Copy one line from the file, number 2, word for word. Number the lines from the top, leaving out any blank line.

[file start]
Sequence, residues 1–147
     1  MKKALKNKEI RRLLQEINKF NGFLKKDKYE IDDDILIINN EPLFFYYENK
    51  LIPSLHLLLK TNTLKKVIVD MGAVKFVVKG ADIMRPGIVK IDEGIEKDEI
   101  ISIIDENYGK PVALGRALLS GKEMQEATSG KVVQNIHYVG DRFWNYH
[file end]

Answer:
     1  MKKALKNKEI RRLLQEINKF NGFLKKDKYE IDDDILIINN EPLFFYYENK